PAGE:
Panel #2) The Need for Speed – Beyond 100GbE

Report
Need for Speed: Beyond 100GbE
Moderator: Scott Kipp, President of Ethernet Alliance, Principle Engineer, Brocade
Panelist #1: Alan Weckel, Vice President, Dell’Oro group
Panelist #2: Dr. Jeffery J. Maki, Distinguished Engineer, Juniper
Panelist #3: Dr. Gordon Brebner, Distinguished Engineer, Xilinx
© 2013 Ethernet Alliance
1
Agenda


Introductions: Scott Kipp, Moderator
Panelist #1: Alan Weckel,


Panelist #2: Dr. Jeffery J. Maki,



Stepping Stones to Terabit-Class Ethernet
Panelist #3: Dr. Gordon Brebner,


10, 40 and 100GbE Deployments in the Data Center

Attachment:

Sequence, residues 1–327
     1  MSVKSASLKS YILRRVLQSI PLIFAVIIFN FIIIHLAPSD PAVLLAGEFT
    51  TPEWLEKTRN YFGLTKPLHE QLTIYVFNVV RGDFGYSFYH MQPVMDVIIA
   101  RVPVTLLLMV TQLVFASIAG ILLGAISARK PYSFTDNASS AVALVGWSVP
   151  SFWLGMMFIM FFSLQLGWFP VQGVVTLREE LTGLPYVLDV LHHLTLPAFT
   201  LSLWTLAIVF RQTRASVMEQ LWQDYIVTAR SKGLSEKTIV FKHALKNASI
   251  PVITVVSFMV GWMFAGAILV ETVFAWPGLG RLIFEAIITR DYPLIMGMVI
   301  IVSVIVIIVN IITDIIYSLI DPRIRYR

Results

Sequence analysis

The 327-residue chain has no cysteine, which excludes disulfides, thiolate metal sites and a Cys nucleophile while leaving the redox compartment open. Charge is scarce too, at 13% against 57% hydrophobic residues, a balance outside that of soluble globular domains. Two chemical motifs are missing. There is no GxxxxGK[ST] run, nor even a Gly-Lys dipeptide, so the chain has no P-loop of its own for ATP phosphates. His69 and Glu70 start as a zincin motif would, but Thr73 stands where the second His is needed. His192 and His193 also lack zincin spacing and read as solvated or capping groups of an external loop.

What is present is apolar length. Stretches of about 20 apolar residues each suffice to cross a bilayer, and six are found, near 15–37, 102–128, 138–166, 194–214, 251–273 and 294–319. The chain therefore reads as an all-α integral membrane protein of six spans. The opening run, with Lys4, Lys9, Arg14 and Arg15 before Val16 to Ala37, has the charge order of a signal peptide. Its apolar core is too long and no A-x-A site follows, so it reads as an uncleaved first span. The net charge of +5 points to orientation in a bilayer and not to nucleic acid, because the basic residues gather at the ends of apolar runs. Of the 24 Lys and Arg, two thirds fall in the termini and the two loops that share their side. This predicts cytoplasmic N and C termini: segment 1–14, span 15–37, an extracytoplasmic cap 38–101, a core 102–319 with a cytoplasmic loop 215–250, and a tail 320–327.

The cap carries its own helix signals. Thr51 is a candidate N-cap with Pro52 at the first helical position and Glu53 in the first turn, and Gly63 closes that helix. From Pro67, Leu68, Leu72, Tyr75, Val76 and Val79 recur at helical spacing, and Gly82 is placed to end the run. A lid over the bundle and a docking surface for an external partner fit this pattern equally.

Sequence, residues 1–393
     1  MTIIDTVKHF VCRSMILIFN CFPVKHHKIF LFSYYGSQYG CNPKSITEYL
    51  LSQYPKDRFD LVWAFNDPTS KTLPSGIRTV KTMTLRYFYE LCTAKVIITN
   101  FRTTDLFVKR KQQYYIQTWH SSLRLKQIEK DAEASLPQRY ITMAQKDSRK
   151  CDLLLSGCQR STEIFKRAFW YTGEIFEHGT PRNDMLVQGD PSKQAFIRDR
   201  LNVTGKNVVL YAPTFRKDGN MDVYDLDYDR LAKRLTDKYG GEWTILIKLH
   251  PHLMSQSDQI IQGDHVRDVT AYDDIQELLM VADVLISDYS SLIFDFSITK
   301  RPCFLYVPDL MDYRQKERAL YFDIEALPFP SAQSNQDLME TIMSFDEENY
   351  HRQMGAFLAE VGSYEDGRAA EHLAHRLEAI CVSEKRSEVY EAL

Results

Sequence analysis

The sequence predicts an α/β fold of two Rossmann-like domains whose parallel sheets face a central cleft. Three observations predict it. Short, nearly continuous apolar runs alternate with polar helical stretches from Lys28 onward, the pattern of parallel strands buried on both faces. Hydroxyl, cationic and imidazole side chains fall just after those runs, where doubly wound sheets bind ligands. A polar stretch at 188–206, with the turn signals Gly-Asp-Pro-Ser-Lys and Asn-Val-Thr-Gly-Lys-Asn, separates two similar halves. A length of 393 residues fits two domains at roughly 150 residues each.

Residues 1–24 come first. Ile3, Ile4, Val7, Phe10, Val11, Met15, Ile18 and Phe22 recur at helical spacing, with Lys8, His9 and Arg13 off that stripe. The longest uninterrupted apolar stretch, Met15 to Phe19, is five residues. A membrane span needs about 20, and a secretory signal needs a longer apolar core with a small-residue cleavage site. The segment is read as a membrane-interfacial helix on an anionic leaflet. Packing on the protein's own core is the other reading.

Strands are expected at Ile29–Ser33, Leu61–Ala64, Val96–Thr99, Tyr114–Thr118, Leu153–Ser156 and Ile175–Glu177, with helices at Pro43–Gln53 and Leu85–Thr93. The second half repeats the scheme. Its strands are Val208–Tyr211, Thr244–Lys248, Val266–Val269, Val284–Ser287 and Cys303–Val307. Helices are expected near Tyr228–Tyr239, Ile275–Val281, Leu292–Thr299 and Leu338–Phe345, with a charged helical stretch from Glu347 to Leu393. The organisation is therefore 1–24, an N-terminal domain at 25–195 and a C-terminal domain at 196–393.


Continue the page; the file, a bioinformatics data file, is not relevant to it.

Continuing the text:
Technology Advances in 400GbE Components
Q&A
2:40 – Live Broadcast from IEEE 802.3 Meeting in
Orlando from John D’Ambrosia

Update on 400GbE Call For Interest
© 2013 Ethernet Alliance
© 2012 Ethernet Alliance
2
Disclaimer

The views WE ARE expressing in this
presentation are our own personal views
and should not be considered the views or
positions of the Ethernet Alliance.
© 2013 Ethernet Alliance
3
Bandwidth Growth
Broadband
2010- 7Mbps
2015 – 28 Mbps
15B Devices
In 2015
Increased #
of
More
Users
Increased
+ Access
Devices
Rates and
Methods
More Internet
Users
+
Increased
Services
Key
Growth
Factors
Speed
= Bandwidth
Explosion
Increasing
Everywhere
More Rich Media
Content
2010- 1 Minute video
2015 – 2 hour HDTV Movie
3B Users
In 2015
Source: nowell_01_0911.pdf citing Cisco Visual Networking Index (VNI) Global IP Traffic Forecast, 2010–2015,
http://www.ieee802.org/3/ad_hoc/bwa/public/sep11/nowell_01_0911.pdf
© 2013 Ethernet Alliance
4
Bandwidth Growth Vs
Ethernet Speeds


IP Traffic is growing ~ 30%/year
If 400GbE is released in 2016, Ethernet speeds will